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Winter Use Plan, Supplemental Environmental Impact Statement, Yellowstone National Park

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National Park Service, Interior.


Notice of Availability.


Pursuant to the National Environmental Policy Act of 1969, 42 U.S.C. 4332(2)(C), the National Park Service (NPS) announces the availability of a Final Supplemental Environmental Impact Statement (SEIS) for a Winter Use Plan for Yellowstone National Park, located in Idaho, Montana and Wyoming.


The National Park Service will execute a Record of Decision no sooner than 30 days following publication by the Environmental Protection Agency of the Notice of Availability of the Final Supplemental Environmental Impact Statement.


Information will be available for public review and comment online at​YELL (click on the link to the 2012 Supplemental Winter Use Plan EIS), and at Yellowstone National Park headquarters, Mammoth Hot Springs, WY.

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Wade Vagias, P.O. Box 168, Yellowstone National Park, WY 82190, telephone (307) 344-2035.

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The Final SEIS supplements the 2011 Final Winter Use Plan/EIS. Four alternatives are considered in the SEIS. Alternative 1, the no-action alternative, would not permit public over-snow vehicle (OSV) use in Yellowstone but would allow for approved non-motorized use to continue. Alternative 1 has been identified as the environmentally preferable alternative. Alternative 2 would manage OSV use at the same levels as the interim regulations in place from the 2009/2010 winter season through the 2012/2013 winter season (318 best available technology (BAT) snowmobiles and 78 snowcoaches per day). Sylvan Pass would remain open. Alternative 3 would initially allow for the same level of use as alternative 2 (318 BAT snowmobiles and 78 snowcoaches per day), but would transition to snowcoaches only over a three-year period beginning in the 2017/2018 winter season. Upon complete transition, there would be 0 snowmobiles and up to 120 snowcoaches per day in the park, and Sylvan Pass would be closed.

Alternative 4 is the NPS preferred alternative. This alternative would manage OSV use by transportation events. A total of 110 transportation events would be allowed in the park each day. A transportation event would initially equal one snowcoach or one group of snowmobiles (average of 7 snowmobiles per group, averaged over the winter use season; groups could not exceed a maximum of 10 snowmobiles). Operators would decide whether to use their daily allocation of transportation events for snowmobiles or snowcoaches, but no more than 50 daily transportation events could come from snowmobiles. OSV use would continue to be 100 percent guided, with four transportation events per day (one per gate) of up to Start Printed Page 123545 snowmobiles each allocated for non-commercially guided access. BAT requirements for snowmobiles would remain the same as the BAT requirements in the 2011/2012 interim regulation until the 2017/2018 winter season, at which time additional sound and air emission requirements would be implemented. BAT requirements for snowcoaches would also be implemented beginning in the 2017/2018 season. If OSVs meet additional voluntary standards for air and sound emissions beyond those required for BAT, the group size of snowmobiles would be allowed to increase from an average of 7 to an average of 8 per transportation event, and snowcoaches would be allowed to increase from one to two snowcoaches per transportation event. Sylvan Pass would remain open.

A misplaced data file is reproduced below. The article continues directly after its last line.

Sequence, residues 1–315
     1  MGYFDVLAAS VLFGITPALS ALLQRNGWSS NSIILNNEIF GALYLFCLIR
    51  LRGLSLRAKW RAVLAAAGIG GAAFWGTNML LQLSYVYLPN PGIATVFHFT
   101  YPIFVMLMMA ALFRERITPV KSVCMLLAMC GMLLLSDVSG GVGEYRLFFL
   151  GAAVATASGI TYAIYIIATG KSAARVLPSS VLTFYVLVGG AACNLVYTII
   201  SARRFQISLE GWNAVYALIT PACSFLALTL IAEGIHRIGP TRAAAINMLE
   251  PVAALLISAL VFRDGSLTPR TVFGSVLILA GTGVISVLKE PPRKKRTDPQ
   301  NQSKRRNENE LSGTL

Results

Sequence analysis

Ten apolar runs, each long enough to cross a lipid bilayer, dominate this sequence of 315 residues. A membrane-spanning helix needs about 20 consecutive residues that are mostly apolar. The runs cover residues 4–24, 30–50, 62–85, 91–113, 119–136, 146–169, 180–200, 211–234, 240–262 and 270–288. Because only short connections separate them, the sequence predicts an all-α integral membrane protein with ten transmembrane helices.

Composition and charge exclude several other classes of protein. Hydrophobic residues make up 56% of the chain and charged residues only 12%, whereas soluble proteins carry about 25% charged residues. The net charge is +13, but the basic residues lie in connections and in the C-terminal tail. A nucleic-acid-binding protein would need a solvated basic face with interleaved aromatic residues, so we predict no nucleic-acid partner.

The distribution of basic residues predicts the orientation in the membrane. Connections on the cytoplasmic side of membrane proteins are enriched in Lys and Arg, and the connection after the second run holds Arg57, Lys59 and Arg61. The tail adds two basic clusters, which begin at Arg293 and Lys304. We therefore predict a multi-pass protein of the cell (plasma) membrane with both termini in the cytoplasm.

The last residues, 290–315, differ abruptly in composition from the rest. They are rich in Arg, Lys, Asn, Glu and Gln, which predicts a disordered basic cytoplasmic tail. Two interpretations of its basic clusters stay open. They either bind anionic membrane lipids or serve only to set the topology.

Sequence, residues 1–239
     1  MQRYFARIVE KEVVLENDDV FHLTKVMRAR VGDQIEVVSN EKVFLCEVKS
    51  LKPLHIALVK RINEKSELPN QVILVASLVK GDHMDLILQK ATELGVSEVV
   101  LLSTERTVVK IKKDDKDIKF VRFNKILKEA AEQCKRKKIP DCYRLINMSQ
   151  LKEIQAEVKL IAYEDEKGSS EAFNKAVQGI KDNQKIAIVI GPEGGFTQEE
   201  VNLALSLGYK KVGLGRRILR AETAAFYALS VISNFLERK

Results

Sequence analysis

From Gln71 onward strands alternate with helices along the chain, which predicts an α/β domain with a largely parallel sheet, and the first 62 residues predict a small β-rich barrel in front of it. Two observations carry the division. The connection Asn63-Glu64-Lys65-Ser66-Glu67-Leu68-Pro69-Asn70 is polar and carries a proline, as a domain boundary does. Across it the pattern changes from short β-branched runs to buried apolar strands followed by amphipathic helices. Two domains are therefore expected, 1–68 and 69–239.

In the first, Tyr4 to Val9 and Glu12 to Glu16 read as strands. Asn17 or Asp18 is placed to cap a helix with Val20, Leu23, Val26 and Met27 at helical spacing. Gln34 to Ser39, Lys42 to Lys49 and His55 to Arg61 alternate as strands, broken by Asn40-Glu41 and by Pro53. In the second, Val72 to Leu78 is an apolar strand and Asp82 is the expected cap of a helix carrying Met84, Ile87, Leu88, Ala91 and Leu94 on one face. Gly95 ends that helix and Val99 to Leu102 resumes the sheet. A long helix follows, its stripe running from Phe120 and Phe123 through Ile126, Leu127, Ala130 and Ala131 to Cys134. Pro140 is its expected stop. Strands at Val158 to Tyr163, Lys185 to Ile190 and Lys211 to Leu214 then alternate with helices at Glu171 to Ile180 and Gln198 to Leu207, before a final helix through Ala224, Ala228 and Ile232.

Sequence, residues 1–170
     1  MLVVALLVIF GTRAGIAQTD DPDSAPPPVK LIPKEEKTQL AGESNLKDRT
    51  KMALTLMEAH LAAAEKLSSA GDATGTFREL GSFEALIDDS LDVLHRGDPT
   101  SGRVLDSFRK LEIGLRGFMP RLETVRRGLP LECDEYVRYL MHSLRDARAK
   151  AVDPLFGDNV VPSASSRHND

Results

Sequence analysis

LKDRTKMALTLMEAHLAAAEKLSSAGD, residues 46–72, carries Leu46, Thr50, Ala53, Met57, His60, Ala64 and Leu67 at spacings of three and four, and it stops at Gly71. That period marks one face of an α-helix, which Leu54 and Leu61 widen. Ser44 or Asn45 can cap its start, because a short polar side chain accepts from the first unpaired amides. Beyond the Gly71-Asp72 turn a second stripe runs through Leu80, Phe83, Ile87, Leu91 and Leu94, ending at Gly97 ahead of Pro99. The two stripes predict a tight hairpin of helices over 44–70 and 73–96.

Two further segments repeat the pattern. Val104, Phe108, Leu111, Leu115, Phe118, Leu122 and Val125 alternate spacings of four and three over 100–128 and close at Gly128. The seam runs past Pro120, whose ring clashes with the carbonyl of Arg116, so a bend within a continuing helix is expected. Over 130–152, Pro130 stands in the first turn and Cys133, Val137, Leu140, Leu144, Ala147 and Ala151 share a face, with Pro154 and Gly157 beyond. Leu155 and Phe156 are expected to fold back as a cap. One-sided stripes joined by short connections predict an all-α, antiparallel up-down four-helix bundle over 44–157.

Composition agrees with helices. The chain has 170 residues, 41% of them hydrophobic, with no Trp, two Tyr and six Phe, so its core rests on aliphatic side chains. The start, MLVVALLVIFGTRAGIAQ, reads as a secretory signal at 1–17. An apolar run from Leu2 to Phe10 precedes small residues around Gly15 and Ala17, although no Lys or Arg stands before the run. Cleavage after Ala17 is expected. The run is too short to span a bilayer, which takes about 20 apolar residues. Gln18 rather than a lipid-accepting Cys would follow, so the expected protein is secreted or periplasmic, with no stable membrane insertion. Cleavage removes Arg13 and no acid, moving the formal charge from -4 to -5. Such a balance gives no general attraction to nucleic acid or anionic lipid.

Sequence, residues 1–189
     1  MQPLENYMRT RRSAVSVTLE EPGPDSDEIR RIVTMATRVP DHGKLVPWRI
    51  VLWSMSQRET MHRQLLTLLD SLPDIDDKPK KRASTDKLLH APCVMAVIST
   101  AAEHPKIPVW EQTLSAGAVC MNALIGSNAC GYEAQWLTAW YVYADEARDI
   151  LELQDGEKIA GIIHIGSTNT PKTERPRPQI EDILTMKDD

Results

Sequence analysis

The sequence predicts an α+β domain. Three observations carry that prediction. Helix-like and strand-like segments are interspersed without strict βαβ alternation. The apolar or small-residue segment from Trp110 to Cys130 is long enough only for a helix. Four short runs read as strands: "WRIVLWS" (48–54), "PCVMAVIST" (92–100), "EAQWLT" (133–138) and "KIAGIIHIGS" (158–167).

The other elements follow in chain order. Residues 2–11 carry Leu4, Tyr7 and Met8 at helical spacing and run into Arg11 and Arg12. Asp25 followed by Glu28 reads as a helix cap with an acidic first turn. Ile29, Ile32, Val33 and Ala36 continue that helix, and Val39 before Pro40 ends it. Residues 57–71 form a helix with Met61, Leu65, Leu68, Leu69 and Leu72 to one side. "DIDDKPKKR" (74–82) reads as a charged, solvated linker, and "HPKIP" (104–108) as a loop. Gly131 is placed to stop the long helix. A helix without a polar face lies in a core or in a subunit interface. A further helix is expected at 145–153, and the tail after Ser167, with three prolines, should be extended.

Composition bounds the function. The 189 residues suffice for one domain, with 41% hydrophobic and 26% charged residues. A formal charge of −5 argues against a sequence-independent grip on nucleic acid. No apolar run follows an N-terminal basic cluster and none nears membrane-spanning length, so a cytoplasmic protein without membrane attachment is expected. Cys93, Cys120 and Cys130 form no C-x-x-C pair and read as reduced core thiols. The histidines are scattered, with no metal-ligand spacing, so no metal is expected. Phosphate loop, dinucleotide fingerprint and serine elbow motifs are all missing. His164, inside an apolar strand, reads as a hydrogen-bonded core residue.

More information regarding Yellowstone in the winter, including educational materials and a detailed history of winter use in Yellowstone, is available at​yell/​planvisit/​winteruse/​index.htm.

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Dated: January 15, 2013.

John Wessels,

Regional Director, Intermountain Region, National Park Service.

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[FR Doc. 2013-04124 Filed 2-21-13; 8:45 am]